Loop splitting

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Loop splitting is a compiler optimization technique. It attempts to simplify a loop or eliminate dependencies by breaking it into multiple loops which have the same bodies but iterate over different contiguous portions of the index range.

Loop peeling[edit]

Loop peeling is a special case of loop splitting which splits any problematic first (or last) few iterations from the loop and performs them outside of the loop body.

Suppose a loop was written like this:

 int p = 10;
 for (int i=0; i<10; ++i)
 {
   y[i] = x[i] + x[p];
   p = i;
 }

Notice that p = 10 only for the first iteration, and for all other iterations, p = i - 1. A compiler can take advantage of this by unwinding (or "peeling") the first iteration from the loop.

After peeling the first iteration, the code would look like this:

 y[0] = x[0] + x[10];
 for (int i=1; i<10; ++i)
 {
   y[i] = x[i] + x[i-1];
 }

This equivalent form eliminates the need for the variable p inside the loop body.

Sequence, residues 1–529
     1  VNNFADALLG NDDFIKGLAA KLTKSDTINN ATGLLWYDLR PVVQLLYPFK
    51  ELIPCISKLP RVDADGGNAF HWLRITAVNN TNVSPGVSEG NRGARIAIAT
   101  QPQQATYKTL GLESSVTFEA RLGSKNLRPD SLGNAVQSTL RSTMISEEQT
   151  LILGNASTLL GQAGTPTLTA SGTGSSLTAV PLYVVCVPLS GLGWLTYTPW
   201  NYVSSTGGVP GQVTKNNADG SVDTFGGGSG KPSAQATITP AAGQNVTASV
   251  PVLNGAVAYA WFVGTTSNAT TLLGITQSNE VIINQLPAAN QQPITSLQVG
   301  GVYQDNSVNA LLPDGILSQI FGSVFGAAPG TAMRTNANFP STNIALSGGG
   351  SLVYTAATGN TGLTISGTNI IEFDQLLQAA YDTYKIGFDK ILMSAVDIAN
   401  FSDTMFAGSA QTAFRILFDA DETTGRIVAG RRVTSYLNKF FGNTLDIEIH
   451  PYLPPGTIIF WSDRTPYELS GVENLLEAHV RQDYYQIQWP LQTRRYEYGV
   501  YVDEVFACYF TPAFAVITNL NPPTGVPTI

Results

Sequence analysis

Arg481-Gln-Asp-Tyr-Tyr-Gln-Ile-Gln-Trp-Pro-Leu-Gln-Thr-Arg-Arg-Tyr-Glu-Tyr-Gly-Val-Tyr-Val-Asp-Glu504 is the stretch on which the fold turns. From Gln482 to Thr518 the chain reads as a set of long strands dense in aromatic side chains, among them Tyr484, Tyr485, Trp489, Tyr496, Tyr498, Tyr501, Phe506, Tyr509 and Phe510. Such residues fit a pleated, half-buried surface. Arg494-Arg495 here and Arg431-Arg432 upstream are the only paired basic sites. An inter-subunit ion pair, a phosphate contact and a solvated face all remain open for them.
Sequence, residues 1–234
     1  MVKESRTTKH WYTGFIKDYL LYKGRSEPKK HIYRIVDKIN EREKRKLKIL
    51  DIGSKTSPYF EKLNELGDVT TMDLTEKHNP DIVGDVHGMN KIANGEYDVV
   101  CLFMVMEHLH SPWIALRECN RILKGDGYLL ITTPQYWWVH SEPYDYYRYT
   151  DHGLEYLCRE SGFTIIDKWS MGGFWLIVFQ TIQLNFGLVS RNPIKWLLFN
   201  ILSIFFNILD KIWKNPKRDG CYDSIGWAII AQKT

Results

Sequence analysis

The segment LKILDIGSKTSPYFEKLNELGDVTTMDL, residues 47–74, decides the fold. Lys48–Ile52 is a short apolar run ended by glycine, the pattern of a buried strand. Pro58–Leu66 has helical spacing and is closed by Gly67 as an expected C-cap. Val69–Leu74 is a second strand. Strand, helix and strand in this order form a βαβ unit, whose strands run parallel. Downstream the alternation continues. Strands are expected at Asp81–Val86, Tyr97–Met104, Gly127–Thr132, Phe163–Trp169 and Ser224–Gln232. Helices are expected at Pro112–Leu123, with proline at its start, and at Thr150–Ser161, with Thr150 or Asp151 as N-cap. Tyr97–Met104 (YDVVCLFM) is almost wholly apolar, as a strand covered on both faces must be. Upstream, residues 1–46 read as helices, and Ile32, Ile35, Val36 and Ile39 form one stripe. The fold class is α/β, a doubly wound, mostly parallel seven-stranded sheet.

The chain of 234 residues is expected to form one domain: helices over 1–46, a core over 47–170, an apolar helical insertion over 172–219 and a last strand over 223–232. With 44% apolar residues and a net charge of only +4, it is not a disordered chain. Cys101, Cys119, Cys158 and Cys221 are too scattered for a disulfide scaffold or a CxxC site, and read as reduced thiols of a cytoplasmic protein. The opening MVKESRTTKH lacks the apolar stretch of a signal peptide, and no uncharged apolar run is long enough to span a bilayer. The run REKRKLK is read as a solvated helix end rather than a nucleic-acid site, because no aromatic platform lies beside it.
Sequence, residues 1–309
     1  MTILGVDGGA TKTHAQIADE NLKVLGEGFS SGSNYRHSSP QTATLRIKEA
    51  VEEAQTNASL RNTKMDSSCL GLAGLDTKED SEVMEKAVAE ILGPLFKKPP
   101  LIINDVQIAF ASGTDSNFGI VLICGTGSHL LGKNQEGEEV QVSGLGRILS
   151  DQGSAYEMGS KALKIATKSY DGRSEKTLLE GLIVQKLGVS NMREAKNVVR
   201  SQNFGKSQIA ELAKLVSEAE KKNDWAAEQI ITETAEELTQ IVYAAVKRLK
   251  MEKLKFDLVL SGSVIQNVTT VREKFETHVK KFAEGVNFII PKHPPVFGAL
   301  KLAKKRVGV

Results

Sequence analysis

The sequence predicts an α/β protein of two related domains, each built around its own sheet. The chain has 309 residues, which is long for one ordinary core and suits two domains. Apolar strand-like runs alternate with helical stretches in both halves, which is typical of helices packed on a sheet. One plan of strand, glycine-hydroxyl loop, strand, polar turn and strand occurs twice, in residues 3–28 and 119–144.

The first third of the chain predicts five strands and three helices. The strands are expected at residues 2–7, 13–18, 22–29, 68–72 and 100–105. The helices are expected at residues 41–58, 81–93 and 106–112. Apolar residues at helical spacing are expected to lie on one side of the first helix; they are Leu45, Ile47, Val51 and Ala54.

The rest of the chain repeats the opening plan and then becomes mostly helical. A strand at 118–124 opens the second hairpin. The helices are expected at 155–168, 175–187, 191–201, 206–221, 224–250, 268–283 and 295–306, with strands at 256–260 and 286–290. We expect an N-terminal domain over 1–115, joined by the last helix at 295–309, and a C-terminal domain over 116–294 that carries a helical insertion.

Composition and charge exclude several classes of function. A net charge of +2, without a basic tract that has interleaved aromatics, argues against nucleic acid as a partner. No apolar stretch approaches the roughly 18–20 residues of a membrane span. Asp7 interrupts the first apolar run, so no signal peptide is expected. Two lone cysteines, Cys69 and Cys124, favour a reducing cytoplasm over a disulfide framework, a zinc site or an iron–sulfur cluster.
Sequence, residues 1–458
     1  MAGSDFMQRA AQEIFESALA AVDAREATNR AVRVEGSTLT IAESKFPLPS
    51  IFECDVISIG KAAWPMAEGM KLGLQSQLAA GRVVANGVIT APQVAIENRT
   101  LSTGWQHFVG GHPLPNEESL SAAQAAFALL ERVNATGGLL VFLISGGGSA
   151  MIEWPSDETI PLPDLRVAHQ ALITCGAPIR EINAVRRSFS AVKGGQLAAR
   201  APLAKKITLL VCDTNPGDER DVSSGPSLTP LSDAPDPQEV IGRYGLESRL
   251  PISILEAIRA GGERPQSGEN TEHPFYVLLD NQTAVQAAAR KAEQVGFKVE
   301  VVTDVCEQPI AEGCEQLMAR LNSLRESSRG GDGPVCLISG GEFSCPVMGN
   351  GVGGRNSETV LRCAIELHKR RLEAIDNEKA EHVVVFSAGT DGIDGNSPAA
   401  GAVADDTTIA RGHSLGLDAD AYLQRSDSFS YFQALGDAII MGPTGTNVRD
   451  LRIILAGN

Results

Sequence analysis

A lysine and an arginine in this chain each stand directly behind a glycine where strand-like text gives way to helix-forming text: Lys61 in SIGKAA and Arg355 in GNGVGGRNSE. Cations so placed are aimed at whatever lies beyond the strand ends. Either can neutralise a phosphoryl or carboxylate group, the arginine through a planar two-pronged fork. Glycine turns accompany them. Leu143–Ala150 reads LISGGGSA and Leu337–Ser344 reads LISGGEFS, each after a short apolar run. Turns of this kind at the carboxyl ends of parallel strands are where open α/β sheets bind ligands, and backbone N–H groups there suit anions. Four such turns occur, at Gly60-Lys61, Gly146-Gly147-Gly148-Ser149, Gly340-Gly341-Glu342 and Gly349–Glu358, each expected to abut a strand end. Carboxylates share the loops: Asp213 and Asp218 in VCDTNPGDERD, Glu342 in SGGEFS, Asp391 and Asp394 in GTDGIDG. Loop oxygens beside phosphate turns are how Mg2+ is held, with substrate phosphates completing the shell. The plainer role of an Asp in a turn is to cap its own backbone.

Loop peeling was introduced in gcc in version 3.4.

Brief history of the term[edit]

Apparently the term was for the first time used by Cannings, Thompson and Skolnick [1] in their 1976 paper on computational models for (human) inheritance. There the term was used to denote a method for collapsing phenotypic information onto parents. From there the term was used again in their papers, including their seminal paper on probability functions on complex pedigrees.[2]

In compiler technology, the term first turned up in late 1980s papers on VLIW and superscalar compilation, including [3] and.[4]

Further reading[edit]

  • Kennedy, Ken; & Allen, Randy. (2001). Optimizing Compilers for Modern Architectures: A Dependence-based Approach. Morgan Kaufmann. ISBN 1-55860-286-0. 
  1. ^ Cannings, C.; Thompson, EA; Skolnick, HH (1976). "The recursive derivation of likelihoods on complex pedigrees". Advances in Applied Probability 8 (4): 622–625. doi:10.2307/1425918. 
  2. ^ Cannings, C.; Thompson, EA; Skolnick, HH (1978). "Probability functions on complex pedigrees". Advances in Applied Probability 10 (1): 26–61. doi:10.2307/1426718. 
  3. ^ Callahan, D; Kennedy, K (1988). "Compiling Programs for Distributed-memory Multiprocessors". The Journal of Supercomputing 2 (2): 151–169. doi:10.1007/BF00128175. 
  4. ^ Mahlke, SA; Lin, DC; Chen, WY; Hank, RE; Bringman, RA (1992). "Effective compiler support for predicated execution using the hyperblock". 25th Annual International Symposium on Microarchitecture. pp. 45––54.